EC: Yeah, that’s a great question. I think the natural starting point here is in Ukraine itself, right? Because we have the ongoing conflict and that’s the hottest place right now. So we’re seeing DPR and LPR, the Donetsk People’s Republic, and Luhansk People’s Republic. These were the trigger point for the war itself. These are now talking about an annexation, the local leadership by Russia, if and when Russia is able to not reclaim, but essentially take over these territories completely militarily. We’re seeing that in the process right now. Russia certainly has faced, I think, more significant resistance from the Ukrainian forces than it had expected, but nevertheless, it is making some progress there, capturing Mariupol, for example, recently, now trying to kind of swallow the rest of Luhansk and Donetsk oblasts.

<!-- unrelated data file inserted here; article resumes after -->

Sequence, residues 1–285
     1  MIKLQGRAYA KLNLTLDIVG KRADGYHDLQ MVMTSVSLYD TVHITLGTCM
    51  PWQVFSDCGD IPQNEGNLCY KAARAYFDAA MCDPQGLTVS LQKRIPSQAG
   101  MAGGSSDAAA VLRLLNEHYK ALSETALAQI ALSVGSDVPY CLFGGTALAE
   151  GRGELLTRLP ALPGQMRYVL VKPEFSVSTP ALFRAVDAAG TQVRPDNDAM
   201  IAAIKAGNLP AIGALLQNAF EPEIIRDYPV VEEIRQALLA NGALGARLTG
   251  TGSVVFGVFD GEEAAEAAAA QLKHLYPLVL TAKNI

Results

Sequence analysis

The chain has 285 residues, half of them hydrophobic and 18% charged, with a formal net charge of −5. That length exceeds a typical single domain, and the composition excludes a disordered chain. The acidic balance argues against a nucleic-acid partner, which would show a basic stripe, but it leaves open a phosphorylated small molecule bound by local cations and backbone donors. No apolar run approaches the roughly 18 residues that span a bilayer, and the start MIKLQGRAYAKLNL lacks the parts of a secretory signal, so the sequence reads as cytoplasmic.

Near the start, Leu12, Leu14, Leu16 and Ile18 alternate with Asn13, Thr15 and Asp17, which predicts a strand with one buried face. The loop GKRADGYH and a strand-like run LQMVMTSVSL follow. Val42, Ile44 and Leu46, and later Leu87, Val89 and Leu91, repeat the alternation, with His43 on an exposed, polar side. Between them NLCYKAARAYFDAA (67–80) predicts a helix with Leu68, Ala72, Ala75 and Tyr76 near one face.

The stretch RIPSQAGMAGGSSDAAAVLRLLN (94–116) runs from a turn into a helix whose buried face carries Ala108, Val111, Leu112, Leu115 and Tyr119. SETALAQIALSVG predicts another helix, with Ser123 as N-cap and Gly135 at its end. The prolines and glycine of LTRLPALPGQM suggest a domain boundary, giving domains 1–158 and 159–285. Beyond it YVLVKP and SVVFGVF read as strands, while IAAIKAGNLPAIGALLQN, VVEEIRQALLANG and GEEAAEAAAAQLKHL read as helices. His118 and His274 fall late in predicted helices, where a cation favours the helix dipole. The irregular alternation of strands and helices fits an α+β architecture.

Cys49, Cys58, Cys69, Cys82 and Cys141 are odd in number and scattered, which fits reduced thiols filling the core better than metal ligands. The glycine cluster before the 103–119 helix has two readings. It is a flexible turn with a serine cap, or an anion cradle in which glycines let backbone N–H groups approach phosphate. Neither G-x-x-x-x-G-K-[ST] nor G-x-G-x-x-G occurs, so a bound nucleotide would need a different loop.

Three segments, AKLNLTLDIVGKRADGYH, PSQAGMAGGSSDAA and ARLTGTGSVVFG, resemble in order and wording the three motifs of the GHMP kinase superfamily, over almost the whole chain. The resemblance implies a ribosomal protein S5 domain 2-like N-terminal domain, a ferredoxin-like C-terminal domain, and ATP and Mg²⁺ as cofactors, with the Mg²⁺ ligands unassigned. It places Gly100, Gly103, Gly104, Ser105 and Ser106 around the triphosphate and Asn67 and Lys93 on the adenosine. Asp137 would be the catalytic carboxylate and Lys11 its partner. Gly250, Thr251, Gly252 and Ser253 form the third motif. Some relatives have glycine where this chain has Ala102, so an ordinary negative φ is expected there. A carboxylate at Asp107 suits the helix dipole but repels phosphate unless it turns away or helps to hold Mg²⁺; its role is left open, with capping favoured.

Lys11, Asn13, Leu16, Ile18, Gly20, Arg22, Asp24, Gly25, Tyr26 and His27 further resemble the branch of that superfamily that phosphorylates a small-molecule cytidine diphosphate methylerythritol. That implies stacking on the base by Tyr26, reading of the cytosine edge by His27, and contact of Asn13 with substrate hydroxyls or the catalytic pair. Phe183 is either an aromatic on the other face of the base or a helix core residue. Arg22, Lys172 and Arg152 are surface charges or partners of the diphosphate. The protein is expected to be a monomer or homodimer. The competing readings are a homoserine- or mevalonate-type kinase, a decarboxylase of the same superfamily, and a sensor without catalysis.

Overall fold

EC: We also see Russia doing similar things in Kherson Oblast, which is just north of Crimea. We’ve seen some rumblings there of pro-Russian local leadership calling for annexation, the ruble being introduced and things of that nature, passports being distributed. These are precursors, I think, to some kind of political move being taken. And this can happen, I think, as soon as in the coming months. One date that’s been floated around is in early September when Russia holds regional elections, that this can be kind of paired with that for the Donbas and Eastern Ukraine and Kherson in Southern Ukraine to make that formal move. So I would expect that to be the most likely area or the most likely regions to go for that Russian annexation approach.